Endometriosis is a painful condition where you have tissue similar to the lining of the womb beginning to grow outside the womb. This can be in areas like the fallopian tubes and ovaries. This condition can occur at any age and is a long-term condition that can affect a woman’s quality of life.

Once endometrial-like tissue attaches itself outside the womb, it behaves as normal endometrial tissue does. This includes thickening, breaking down, and bleeding with each menstruation. However, with no way to be expelled from the body, it gets trapped. 

What are the symptoms?

The main symptom of endometriosis is pain, especially accompanying your period. This can often be severe. While many women experience period cramps or discomfort during their period, endometriosis pain is often described as more painful than usual. 

In some women, the pain gets worse with time. Here are other common signs and symptoms of endometriosis.

Excessive Bleeding

People with endometriosis often experience heavy menstrual periods. At times, there is also bleeding in between periods. This is known as inter menstrual bleeding. Excessive bleeding means you will use more sanitary towels and tampons than is considered normal. You might also start suddenly soaking your clothes when on your period. If this is the case, try menstrual panties to help contain your flow.

Painful Periods

As mentioned above, the most common symptom of endometriosis is painful periods. You might experience pelvic cramping and pain a few days leading up to your period and a few days after as well. This might also be accompanied by lower back and abdominal pain. The medical term for this is dysmenorrhea.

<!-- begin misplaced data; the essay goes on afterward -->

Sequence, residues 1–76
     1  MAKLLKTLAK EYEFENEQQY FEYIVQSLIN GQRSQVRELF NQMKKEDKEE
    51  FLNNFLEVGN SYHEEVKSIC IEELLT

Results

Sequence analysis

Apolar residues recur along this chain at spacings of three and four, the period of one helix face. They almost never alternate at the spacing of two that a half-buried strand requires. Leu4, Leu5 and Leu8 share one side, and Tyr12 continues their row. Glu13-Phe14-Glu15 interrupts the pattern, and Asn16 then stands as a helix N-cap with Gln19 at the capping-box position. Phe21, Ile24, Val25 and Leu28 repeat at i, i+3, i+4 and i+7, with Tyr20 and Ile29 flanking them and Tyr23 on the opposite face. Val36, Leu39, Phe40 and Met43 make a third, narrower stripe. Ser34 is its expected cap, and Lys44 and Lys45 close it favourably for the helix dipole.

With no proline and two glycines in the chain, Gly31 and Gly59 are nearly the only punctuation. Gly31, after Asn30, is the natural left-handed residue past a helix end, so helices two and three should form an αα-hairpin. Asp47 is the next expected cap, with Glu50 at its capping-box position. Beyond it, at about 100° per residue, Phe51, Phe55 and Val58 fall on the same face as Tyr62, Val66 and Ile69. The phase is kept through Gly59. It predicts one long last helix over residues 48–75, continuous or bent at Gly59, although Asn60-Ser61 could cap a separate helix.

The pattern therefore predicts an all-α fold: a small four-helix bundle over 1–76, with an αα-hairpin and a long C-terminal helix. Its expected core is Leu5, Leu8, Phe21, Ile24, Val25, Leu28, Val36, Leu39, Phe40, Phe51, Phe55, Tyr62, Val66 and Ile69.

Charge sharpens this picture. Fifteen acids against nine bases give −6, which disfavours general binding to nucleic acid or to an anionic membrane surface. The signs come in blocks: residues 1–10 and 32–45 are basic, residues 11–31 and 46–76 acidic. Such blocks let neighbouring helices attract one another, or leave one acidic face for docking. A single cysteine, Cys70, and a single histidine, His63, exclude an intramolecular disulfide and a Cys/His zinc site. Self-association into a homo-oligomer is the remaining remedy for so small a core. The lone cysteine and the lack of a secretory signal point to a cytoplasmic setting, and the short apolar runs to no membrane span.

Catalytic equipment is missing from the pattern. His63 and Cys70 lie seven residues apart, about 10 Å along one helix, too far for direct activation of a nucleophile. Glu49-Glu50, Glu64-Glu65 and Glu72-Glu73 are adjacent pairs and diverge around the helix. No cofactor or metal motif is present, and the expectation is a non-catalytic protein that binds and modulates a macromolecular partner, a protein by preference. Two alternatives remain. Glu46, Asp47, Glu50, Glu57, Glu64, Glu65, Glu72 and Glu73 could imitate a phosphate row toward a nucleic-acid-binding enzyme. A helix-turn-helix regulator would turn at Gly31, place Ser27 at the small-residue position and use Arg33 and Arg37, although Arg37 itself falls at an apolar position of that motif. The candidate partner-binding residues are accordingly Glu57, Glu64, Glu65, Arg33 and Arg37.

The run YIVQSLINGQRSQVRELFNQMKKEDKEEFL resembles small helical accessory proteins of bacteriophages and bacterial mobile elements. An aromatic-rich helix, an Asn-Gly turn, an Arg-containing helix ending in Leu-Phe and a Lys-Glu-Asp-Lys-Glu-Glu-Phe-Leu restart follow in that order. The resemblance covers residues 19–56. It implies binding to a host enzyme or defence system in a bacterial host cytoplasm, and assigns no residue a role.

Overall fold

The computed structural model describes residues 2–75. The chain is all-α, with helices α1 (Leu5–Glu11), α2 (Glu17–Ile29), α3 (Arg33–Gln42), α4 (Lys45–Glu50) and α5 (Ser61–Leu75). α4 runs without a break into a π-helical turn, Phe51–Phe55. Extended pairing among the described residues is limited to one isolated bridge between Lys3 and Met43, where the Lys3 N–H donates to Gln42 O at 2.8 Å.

Painful Intercourse and Bathroom activities

Pain during or after sexual intercourse. Some women also experience discomfort when urinating or having a bowel movement during their period. 

Fertility Issues

While some people walk into the hospital to try and get to the bottom of existing endometriosis symptoms, for some, this diagnosis comes by accident. 

A good number of women diagnosed with endometriosis only find out about the condition after being unable to get pregnant. Endometriosis is then discovered as doctors try to get to the root cause of their fertility problems. 

In milder cases, infertility can be temporary. In such scenarios, fertility is usually restored after surgery to remove scar tissue and adhesions resulting from endometriosis. Unfortunately, in some women, infertility is permanent. 

Gastrointestinal Problems

Other symptoms that might indicate endometriosis include diarrhea, nausea, bloating, constipation, and so on. These symptoms make it easy for endometriosis to be mistaken for other conditions like irritable bowel syndrome. 

Do not hesitate to consult a specialist

While there is no cure for endometriosis just yet, a proper diagnosis helps you get on a management plan to help you cope better. If you experience any of these symptoms, be sure to book an appointment with your doctor. 


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